Friday, June 1, 2007

NJ Civil Unions Don't Grant Equality

At 100-Day Mark, N.J. Civil Unions Don’t Grant Equality

Jun. 01, 2007

TRENTON, N.J. (AP) — Craig Ross and Richard Cash had been together as a couple in a long-distance relationship for nearly five years when New Jersey moved to allow same-sex couples to enter civil unions intended to give them the legal benefits of marriage.

So Ross relocated from Florida, and the couple looked forward to what they thought would be full recognition of their relationship.

“This was the state where our relationship would finally be recognized,” Cash said.

The Franklin Township residents got their civil union on April 12. But Ross, 46, and Cash, 54, say it hasn’t translated into the benefits they’d been expecting. Specifically, after Ross was laid off from his job at an insurance company, Cash’s employer refused to give Ross health benefits, forcing Ross to pay $445 per month on health insurance.

“We’re very frustrated,” Ross said, speaking from their Somerset County home.

As New Jersey reached the 100-day mark Wednesday since the state’s civil union law went into effect, Ross and Cash’s situation is one of the glaring examples that advocates of same-sex marriages point to when they argue that civil unions aren’t enough.

After the civil union law went into effect, 852 same-sex couples applied to form civil unions in New Jersey. In that same time period, a leading gay rights group said it has received complaints from 114 couples about how employers and insurers refused to recognize civil unions.

“New Jersey’s civil union law is not providing equal rights to same-sex couples on anything near a consistent basis,” said Steven Goldstein, chairman of Garden State Equality.

Lee Moore, spokesman for Attorney General Stuart Rabner, said the state hasn’t received civil rights complaints concerning civil unions, but has received about 90 inquiries per month from people having problems obtaining either health or pension benefits.

Cash didn’t want to identify his employer, but described it as a large financial services and technology firm based out-of-state. Goldstein said most problems he’s heard about stem from private employers who are governed by federal laws that don’t mandate benefits to same-sex couples.

“Companies with federally regulated benefit plans are allowed—but not required—to deny coverage to their employees’ same-sex partners,” said Moore, who added that the state has encouraged employers to provide coverage to same-sex couples even if they’re not required to.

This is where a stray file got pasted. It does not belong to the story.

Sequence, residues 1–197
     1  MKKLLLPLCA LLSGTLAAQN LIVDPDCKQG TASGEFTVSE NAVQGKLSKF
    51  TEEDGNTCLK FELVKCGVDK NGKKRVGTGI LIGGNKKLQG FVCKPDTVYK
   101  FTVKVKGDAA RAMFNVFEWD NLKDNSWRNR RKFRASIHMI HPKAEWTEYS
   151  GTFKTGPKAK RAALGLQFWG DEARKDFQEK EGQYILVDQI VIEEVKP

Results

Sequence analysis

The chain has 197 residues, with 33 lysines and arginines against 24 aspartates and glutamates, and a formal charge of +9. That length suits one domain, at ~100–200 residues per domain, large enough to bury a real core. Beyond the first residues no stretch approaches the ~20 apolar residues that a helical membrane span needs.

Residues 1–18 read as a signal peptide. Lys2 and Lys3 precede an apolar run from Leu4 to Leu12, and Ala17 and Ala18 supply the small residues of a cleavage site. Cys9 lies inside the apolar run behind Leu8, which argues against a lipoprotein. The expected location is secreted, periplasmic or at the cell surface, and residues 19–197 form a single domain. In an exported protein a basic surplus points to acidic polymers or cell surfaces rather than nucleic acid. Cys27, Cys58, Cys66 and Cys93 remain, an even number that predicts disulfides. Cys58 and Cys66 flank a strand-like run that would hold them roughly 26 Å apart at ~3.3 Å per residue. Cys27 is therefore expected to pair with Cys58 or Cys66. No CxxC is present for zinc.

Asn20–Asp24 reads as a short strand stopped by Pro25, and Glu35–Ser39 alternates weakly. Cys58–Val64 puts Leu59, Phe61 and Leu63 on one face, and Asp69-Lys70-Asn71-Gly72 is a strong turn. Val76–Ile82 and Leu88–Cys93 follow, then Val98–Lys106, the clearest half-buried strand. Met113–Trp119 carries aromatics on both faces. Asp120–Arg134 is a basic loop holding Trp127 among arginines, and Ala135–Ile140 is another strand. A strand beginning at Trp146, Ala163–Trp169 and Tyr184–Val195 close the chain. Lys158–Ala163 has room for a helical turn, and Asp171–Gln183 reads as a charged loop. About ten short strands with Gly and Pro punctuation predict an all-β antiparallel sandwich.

State and local governments are mandated to abide by the civil union law.

New Jersey adopted its civil unions law in December after the state Supreme Court ruled it unconstitutional to deny same-sex couples access to marriage protections.

The unions offer the legal protections of marriage, but are not called marriages. Vermont, Connecticut and California have similar laws. The only state where gay couples can get legally married is Massachusetts.

Saundra Toby-Heath, one of those who sued New Jersey for the right to marry, was denied benefits for her partner, Alicia Heath-Toby.

“It hurt me,” said Toby-Heath, of Newark, who has worked for a major shipping company for more than 20 years. “I just would like to have some kind of recognition from a company I have given so much of my life to.”

State Sen. Loretta Weinberg sponsored New Jersey’s civil unions law even though she supports calling it gay marriage. She said calling it marriage wouldn’t have passed the Legislature.

“I’ll look forward to that day when we call it marriage, but this was the best we could do at this point,” said Weinberg, D-Bergen.

Republicans have introduced several measures to unravel the law, but no measures have advanced in the Democratically controlled Legislature, where its leaders have vowed not to consider proposals to take rights away from anyone.

Assemblyman Richard Merkt, R-Morris, has argued that the Supreme Court ruling that led to civil unions showed “astonishing judicial contempt.”

“The small number of civil unions taking place in New Jersey since the law was enacted reflects the reality that the legislation was always the private concern of a tiny, but vocal, band of special interest activists, rather than a response to any broad public movement,” Merkt said.

The civil union legislation also created a special commission that will study the law and annually report findings to the governor and the Legislature. The commission has not met yet.

A spokesman for Gov. Jon S. Corzine said the administration is monitoring how the law is being implemented and encourages people to report complaints.

But Weinberg said there’s not much the state can do about federal law, no matter what the state calls same-sex unions.

“The civil unions law gives every right and responsibility that we in the state were empowered to give,” Weinberg said.

Goldstein, who’s still pushing for same-sex couples to be allowed to marry, said calling it marriage would at least force employers to state they’re not giving equal benefits to married couples.

“It’s the only currency of commitment the real world accepts,” Goldstein said.


© 2007 The New York Blade | A Window Media Publication

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